This is a more elegant version of the original version which can be found below; it is based on a suggestion by Peter Mueller.

Let $\mathbb{N}$ denote the set of positive integers and for $n\in\mathbb{N}$ let $\text{Mat}(n\times n,\mathbb{Z})$ be the set of integer matrices of the format $n\times n$.

Denote with $B_n$ the set of matrices $A\in \text{Mat}(n\times n,\mathbb{Z})$ such that the sequence $(A^k)_{k\in\mathbb{N}}$ is eventually periodic; that is: $$B_n = \{A\in \text{Mat}(n\times n,\mathbb{Z}): \exists k, \ell\in\mathbb{N} (k\neq \ell \wedge A^k = A^\ell)\}.$$

Is $B_n$ computable for every $n\in\mathbb{N}$?

**Original version of the question**: Let $\mathbb{N}$ denote the set of positive integers and for $n\in\mathbb{N}$ let $\text{Mat}(n\times n,\mathbb{Z})$ be the set of integer matrices of the format $n\times n$.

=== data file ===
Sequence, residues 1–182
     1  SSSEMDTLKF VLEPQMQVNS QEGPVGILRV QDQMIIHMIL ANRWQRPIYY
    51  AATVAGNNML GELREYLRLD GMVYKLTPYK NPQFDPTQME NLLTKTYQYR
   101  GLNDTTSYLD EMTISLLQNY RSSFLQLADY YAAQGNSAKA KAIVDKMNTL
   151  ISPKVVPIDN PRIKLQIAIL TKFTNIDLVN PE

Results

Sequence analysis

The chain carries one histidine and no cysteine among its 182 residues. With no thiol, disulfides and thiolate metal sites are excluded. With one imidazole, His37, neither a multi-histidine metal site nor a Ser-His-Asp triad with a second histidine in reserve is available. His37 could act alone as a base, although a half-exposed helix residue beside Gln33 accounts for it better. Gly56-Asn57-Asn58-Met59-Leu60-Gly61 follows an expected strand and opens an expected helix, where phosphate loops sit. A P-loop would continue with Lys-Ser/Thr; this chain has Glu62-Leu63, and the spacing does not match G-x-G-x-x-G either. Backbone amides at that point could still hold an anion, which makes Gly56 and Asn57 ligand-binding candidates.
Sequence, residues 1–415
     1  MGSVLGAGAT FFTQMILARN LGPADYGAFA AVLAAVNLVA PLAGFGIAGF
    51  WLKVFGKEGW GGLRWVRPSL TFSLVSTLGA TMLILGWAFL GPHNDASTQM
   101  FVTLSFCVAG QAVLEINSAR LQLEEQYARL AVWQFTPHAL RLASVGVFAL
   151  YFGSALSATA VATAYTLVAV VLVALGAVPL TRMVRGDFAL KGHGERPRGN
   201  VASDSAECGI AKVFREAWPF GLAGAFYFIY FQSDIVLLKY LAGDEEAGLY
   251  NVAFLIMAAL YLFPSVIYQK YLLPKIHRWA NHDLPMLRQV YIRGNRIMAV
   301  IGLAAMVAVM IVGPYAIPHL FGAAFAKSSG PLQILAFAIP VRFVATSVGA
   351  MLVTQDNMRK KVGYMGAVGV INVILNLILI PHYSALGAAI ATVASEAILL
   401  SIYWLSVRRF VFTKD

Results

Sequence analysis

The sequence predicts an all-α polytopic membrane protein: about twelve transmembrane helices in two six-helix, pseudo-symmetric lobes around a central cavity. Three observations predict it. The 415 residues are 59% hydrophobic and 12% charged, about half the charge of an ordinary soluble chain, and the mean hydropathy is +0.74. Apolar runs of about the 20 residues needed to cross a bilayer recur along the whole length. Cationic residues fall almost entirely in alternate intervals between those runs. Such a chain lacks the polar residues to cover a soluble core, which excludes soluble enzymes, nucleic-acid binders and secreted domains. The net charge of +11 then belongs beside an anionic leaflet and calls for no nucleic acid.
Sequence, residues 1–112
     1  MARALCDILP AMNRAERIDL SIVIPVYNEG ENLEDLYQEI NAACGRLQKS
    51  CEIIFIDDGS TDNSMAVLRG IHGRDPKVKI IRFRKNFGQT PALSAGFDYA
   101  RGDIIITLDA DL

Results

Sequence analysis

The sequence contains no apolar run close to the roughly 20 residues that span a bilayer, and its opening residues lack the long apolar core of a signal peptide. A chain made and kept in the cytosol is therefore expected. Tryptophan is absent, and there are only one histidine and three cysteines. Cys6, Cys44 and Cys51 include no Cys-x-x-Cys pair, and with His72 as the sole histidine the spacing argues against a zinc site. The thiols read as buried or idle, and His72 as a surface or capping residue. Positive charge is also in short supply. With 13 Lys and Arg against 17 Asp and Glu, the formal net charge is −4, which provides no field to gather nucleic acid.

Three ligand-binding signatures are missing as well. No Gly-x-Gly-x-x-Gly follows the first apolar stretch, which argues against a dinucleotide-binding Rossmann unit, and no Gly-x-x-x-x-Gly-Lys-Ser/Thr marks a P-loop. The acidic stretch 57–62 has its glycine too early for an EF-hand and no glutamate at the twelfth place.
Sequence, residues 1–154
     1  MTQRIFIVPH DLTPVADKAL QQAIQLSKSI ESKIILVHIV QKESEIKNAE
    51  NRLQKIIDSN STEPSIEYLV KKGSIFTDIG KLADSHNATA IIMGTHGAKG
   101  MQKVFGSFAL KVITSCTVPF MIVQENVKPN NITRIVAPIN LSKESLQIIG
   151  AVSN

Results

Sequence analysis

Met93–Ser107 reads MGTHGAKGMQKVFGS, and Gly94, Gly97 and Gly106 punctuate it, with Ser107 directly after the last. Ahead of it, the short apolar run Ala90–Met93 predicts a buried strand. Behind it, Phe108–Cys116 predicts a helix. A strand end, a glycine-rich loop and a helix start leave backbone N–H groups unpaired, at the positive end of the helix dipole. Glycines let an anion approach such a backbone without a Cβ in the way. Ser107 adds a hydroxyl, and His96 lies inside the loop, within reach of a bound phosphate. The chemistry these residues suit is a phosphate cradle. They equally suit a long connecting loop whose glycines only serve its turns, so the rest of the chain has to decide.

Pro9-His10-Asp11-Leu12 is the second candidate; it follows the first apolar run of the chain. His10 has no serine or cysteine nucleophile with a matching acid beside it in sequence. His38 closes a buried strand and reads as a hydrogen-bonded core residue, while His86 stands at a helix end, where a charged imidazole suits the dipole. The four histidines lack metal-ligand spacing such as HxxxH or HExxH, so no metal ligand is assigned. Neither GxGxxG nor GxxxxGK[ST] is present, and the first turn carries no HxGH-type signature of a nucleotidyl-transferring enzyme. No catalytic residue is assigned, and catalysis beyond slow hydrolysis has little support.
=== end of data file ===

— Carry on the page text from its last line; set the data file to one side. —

For $A\in \text{Mat}(n\times n,\mathbb{Z})$ let the *most extreme entry* be defined by $$\text{m.e.}(A) = \max \big\{ |A_{ij}|:i, j\in\{1,\ldots,n\} \big\}.$$

We say $A\in \text{Mat}(n\times n,\mathbb{Z})$ is *bounded (with respect to the most extreme entry)* if there is $M\in\mathbb{N}$ such that for all $k\in\mathbb{N}$ we have $\text{m.e.}(A^k) \leq M$. By $B_n$ we denote the set of bounded matrices $A\in \text{Mat}(n\times n,\mathbb{Z})$ in the sense above.

Is $B_n$ computable for every $n\in\mathbb{N}$?